5) Don't do a bunch of other stuff with your phone. If it's a really major show I might do a single FB update with a photo but else my phone is in my pocket unless it's being a camera or watch. *exception: for really large shows (festivals / stadiums) people may need to find where I am / vice versa so texting is a necessary evil sometimes BUT I'm not sitting there chatting about other crap. Purely logistical stuff.
6) ALL of this only works well if you're close to the stage. At a stadium or other large venue show there are great wide-angle shots to get and honestly you're not blocking most people's view so shoot away BUT I'm always close to the stage and if I can't get close enough for my phone pics to look great then I'm just not taking them. Cell phones do NOT look good if you use your zoom (unless you have one of the *extremely rare phones that has an optical zoom on it) so if you have to zoom then you're too far away. Just don't take the picture.
There are some smaller shows where friends of mine in the bands I'm seeing will ask me to record certain songs for their purposes and I'll push these rules a bit for a business job. Specifically more video and both videos and photos almost always look better when recorded from high at a down angle. I'll still try to put myself in-front of a pole or out of the way so I'm not wrecking anyone's view more than necessary but if the band wants a video then, sorry-not-sorry, I'm putting their desires above yours for a bit.
FYI I've been at a few shows lately where phones or at least the use of them was banned. Dave Chappelle had the secure phone sacks. I avoided using one but still kept my phone away for all but a very secretive single "I was here" shot. Amon Tobin and Puscifer had lots of security making sure your phone never came out.. mine stayed in its pocket. The late, great Prince was absolutely vicious about no phones at his events. You had to leave them in your car and any, even slight, violation resulted in ejection so not worth it. In-general always respect the artist. It's their art to let you, or not, record/capture.
Here's a fine read... yes there are both and yes sometimes the exhaust side is useful.
Great Vietnam era story on page 2 as well.
Not surprised at all since I helped build the system.
DoS has been matching Passport and Visa photos for a long long time. The only news here is that the FBI, only somewhat recently, added Face and Iris to their NGIS Fingerprint system. The fact they can search all 3 databases from one source was a fairly easy piece of middleware since all the databases are running the same Biometric software.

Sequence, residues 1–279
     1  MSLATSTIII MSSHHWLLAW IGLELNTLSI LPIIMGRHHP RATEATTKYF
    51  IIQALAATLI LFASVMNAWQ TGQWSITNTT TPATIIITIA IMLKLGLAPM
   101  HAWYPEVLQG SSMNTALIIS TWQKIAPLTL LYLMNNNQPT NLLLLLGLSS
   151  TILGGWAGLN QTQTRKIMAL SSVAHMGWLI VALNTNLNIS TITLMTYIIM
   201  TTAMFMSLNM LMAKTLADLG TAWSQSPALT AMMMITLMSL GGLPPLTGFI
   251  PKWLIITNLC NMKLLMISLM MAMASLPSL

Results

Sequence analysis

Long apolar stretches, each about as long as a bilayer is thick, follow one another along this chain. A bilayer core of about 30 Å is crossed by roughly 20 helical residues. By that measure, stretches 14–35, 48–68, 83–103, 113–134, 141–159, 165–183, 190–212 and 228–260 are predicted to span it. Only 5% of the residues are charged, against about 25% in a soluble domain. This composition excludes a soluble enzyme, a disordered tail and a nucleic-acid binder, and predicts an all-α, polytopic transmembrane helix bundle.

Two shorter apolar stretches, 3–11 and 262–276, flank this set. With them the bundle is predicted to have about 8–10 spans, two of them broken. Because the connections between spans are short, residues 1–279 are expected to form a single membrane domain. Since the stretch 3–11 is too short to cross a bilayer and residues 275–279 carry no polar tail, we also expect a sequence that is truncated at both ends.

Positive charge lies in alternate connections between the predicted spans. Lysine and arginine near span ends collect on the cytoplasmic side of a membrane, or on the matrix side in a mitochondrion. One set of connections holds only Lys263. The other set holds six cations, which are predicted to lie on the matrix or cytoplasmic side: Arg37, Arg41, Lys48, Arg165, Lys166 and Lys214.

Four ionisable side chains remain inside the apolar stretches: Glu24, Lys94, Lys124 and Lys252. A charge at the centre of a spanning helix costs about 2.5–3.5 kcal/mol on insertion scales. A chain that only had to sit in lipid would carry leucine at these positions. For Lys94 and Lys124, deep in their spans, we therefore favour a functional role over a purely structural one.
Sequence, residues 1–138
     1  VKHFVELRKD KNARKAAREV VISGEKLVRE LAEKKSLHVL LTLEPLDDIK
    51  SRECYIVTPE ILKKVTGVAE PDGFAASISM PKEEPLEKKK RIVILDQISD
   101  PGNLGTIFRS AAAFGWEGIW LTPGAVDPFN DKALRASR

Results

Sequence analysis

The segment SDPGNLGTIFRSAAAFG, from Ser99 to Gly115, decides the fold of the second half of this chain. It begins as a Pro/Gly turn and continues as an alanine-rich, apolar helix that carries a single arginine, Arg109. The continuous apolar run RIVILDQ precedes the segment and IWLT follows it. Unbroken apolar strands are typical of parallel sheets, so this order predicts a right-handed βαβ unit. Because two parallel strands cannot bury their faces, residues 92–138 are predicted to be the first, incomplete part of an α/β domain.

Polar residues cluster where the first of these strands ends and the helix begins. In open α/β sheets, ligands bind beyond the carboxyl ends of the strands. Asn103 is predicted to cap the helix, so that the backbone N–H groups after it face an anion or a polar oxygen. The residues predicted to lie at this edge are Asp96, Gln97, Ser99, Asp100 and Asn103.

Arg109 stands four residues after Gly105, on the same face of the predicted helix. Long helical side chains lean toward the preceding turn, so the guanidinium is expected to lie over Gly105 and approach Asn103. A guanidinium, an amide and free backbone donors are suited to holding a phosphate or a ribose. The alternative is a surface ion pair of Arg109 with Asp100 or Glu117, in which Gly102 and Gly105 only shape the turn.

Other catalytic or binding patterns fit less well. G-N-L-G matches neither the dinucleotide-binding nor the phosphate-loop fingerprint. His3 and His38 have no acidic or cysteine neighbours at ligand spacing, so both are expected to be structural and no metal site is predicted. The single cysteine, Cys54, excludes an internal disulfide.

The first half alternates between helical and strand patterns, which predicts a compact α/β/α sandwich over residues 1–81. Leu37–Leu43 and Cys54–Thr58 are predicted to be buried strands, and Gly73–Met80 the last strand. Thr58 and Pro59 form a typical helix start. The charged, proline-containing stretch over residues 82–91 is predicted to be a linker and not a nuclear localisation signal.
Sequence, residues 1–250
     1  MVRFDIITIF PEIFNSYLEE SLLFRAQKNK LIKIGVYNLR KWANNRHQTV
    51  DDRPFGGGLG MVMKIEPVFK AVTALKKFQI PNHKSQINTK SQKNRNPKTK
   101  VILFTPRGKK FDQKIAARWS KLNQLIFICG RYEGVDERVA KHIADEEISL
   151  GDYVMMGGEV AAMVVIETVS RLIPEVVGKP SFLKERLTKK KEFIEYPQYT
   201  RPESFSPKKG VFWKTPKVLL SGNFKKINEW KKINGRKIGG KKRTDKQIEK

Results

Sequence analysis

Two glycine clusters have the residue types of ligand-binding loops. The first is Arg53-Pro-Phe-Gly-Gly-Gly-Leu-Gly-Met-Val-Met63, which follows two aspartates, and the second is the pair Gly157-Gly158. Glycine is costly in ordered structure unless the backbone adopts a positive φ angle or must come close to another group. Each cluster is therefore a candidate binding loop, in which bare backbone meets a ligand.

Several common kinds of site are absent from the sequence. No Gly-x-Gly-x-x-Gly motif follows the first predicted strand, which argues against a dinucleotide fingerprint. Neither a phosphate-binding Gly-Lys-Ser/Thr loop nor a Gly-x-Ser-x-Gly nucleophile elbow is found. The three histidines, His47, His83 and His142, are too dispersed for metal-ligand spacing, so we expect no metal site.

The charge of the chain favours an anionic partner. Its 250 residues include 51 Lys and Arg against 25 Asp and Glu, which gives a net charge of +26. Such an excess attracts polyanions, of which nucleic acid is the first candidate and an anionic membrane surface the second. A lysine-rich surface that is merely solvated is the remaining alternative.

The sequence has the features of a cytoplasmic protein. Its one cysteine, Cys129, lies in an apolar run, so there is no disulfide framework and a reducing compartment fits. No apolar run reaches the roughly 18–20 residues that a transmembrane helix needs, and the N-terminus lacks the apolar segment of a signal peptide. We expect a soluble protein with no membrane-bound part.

The world rotates based on a careful balance of the illusion of security and the illusion of privacy... people still enjoy their delusions tho.
PS. DNS-and-BIND apparently read a completely different post than yours. Reactionary response to something I'm pretty sure you didn't say..
Exactly. It is stories like this that make me wonder why I even read
I don't know why I'd bother with digging deeper but just because:
1) A modern QA engineer's job largely centers around automating as much testing as possible. The more automation you do the better you are at your job (so long as the quality stays high)
2) That being said I've never worked at *any company that could survive on a *fixed set of automation for so long as 6 years. Features change and the automation has to change with it. If this story is even remotely true it would have to be: "Spent 6 months automating all testing; Didn't update the automation for 6 years and by miracle the tests continued to pass and no new features failed in prod (or if they did it was blamed elsewhere); at the 6 year point someone figured out this was happening (aka something broke in Prod HARD and they decided to evaluate the testing)."
3) I could see being obsolete not having written any code in 6 years but forgot it all? rubbish. He learned how to script an automation tool and that knowledge got deprecated. Everything else he didn't have experience doing in the first place which just got worse the longer he continued to not work in the business doing actual work. Bummer.
The sky must be gorgeous in your universe...
Dark nightclub with presumably loud music going on. Vast majority of the patrons imbibing whatever they so choose to be imbibing. First burst of gunfire rings out and your supposed hero immediately jumps to action with his hip piece and shoots down the guy with the AR. Great. Now patron B coming out of the bathroom doesn't see guy with the AR who's now on the ground BUT he does see random, non-uniformed, gentlemen with a gun drawn and similarly steps to save the day by shooting this clearly dangerous person. This chain reaction can easily involve way more people and way more guns than that simple scenario not to mention the probability that any one or many of these shots aren't fatal in which case you have injured people on both sides of the action trying to make their last stand to the best of their ability. Everyone is well-intentioned I'm sure but the friendly fire takes its toll. That story doesn't even need the alcohol (or whatever else has been consumed that night) to be present. That could happen with "clear" heads.